Vector operations in two dimensions  Scalars, Vectors and Motion
Vector operations in two dimensions
Lessons
Notes:
In this lesson, we will learn:
 How to do addition, subtraction, multiplication and division on vectors in two dimensions
 How to describe the angles of two dimensional vectors
 How to solve for the angle and magnitude of two dimensional vectors with trigonometry.
Notes:

When adding, subtracting, multiplying, and dividing vectors in two dimensions, the same rules are followed as in one dimensional problems:
 When vectors are added, the vector diagram is drawn by tiptotail addition. To add $\vec{A}$ and $\vec{B}$, draw the vector $\vec{A}$, then starting at the tip of $\vec{A}$ draw $\vec{B}$. The tail of $\vec{B}$ connects to the tip of $\vec{A}$.
 Taking the negative of a vector "flips" the vector to point in the opposite direction, while keeping the same magnitude.
 Multiplying or dividing a vector by a positive scalar changes the magnitude of the vector, while keeping the same direction.

The graphical solution to a vector problem in two dimensions can make a vector triangle that can be solved using trigonometry.
 In this course we will be using navigational notation to specify the angles of vectors, which also called to compass notation when compass directions are used in the problem. Some examples of this notation:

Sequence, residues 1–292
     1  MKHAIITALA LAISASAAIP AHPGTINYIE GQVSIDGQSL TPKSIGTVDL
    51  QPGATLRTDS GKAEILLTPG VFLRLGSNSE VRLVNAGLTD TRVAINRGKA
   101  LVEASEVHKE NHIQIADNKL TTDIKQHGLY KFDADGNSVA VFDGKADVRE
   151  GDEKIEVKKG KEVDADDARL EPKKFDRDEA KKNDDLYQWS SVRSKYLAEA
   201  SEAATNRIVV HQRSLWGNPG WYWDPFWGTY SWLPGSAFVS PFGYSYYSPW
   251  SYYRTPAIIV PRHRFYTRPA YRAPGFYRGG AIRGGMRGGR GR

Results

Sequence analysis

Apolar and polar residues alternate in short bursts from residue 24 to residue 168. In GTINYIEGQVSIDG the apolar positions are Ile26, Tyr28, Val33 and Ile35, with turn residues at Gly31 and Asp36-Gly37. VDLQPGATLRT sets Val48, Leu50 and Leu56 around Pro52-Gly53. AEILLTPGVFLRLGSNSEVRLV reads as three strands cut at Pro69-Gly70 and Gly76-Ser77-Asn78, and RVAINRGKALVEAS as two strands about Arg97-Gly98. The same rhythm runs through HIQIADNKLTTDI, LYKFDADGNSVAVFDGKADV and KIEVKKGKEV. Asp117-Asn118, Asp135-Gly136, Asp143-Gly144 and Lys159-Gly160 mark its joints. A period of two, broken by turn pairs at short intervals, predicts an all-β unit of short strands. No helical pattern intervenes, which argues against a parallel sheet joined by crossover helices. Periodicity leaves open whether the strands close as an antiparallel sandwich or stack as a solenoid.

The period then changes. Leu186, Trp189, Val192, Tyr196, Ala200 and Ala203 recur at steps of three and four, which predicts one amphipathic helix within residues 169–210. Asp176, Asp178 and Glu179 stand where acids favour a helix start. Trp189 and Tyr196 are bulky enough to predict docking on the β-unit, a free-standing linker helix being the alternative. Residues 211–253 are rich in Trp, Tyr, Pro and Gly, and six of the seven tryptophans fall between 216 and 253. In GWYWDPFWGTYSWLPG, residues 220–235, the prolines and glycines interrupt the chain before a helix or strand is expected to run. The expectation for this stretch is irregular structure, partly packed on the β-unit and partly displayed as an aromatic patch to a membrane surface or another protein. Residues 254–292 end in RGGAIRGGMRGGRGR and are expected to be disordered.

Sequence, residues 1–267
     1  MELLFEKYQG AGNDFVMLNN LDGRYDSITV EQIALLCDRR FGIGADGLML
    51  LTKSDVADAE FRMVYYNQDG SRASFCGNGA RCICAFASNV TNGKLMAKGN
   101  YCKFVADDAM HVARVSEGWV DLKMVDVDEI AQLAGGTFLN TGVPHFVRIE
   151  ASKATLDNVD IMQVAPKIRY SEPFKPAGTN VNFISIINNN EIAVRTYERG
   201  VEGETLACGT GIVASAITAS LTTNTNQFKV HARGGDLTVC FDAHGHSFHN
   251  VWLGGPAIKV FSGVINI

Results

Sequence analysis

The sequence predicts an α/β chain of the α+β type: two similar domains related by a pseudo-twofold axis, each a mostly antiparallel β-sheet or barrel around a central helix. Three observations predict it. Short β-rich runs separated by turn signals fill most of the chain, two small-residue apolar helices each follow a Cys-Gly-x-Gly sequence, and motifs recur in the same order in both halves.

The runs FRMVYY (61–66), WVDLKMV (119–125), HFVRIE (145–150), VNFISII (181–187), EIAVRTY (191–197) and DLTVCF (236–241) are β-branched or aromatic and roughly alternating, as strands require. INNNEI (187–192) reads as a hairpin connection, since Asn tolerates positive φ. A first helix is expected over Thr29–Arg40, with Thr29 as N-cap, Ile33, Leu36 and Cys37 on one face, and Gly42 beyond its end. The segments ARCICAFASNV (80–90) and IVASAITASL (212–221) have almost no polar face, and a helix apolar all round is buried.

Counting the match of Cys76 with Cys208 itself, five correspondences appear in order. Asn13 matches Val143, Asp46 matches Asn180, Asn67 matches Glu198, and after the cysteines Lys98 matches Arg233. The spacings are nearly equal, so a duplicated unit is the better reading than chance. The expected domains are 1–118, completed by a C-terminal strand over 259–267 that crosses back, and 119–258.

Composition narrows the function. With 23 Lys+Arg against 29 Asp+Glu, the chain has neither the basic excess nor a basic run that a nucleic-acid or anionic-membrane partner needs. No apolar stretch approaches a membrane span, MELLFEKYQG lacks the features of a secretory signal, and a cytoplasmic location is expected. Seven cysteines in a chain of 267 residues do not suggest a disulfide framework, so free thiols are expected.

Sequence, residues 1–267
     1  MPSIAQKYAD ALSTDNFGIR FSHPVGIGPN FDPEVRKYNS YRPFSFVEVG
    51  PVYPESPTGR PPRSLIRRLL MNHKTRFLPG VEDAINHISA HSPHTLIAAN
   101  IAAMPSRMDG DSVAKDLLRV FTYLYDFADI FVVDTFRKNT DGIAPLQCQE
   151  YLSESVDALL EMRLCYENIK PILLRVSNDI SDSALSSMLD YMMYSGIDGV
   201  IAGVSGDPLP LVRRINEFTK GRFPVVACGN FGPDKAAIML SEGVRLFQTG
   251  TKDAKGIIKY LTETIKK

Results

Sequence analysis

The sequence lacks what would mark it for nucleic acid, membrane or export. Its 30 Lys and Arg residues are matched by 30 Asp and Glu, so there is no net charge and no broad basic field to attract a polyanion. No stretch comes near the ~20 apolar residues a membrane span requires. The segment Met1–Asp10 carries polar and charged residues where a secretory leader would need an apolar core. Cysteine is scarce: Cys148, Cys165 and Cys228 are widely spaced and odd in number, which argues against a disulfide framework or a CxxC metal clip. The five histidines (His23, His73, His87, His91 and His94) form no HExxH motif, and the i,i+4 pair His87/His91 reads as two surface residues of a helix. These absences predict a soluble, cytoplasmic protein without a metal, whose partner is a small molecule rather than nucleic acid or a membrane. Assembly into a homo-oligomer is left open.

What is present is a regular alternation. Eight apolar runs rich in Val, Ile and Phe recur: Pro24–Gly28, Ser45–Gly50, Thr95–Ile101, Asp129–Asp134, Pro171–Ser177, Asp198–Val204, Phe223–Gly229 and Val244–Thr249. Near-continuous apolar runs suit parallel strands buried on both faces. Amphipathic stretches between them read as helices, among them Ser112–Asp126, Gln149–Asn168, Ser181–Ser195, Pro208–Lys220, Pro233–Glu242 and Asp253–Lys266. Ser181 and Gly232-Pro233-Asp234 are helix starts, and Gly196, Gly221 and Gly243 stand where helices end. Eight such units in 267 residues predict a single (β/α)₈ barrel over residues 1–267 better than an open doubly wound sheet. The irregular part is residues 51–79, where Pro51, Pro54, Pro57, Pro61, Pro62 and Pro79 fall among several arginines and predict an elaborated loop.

To specify a displacement of 1 m directly northwest, write 1 m [45° N of W].
 To specify a velocity that that is 1 m/s at an angle of 30° above the ground, write 1 m/s [30° above horizontal]
Right Triangle Trigonometric Equations
$\sin(\theta) = \frac{opp.}{hyp.}$
$\cos(\theta) = \frac{adj.}{hyp.}$
$\tan(\theta) = \frac{opp.}{adj.}$
 When vectors are added, the vector diagram is drawn by tiptotail addition. To add $\vec{A}$ and $\vec{B}$, draw the vector $\vec{A}$, then starting at the tip of $\vec{A}$ draw $\vec{B}$. The tail of $\vec{B}$ connects to the tip of $\vec{A}$.
 Taking the negative of a vector "flips" the vector to point in the opposite direction, while keeping the same magnitude.
 Multiplying or dividing a vector by a positive scalar changes the magnitude of the vector, while keeping the same direction.
 To specify a displacement of 1 m directly northwest, write 1 m [45° N of W].
 To specify a velocity that that is 1 m/s at an angle of 30° above the ground, write 1 m/s [30° above horizontal]
$\sin(\theta) = \frac{opp.}{hyp.}$
$\cos(\theta) = \frac{adj.}{hyp.}$
$\tan(\theta) = \frac{opp.}{adj.}$
$a^{2}+b^{2}=c^{2}$ (Pythagorean theorem)
$\theta$: angle, in degrees (°)
$opp.$: side opposite angle
$adj.$: side adjacent angle
$hyp.$: hypotenuse of triangle (longest side, side opposite 90° angle)
$a$ and $b$: nonhypotenuse sides of triangle
$c$: hypotenuse of triangle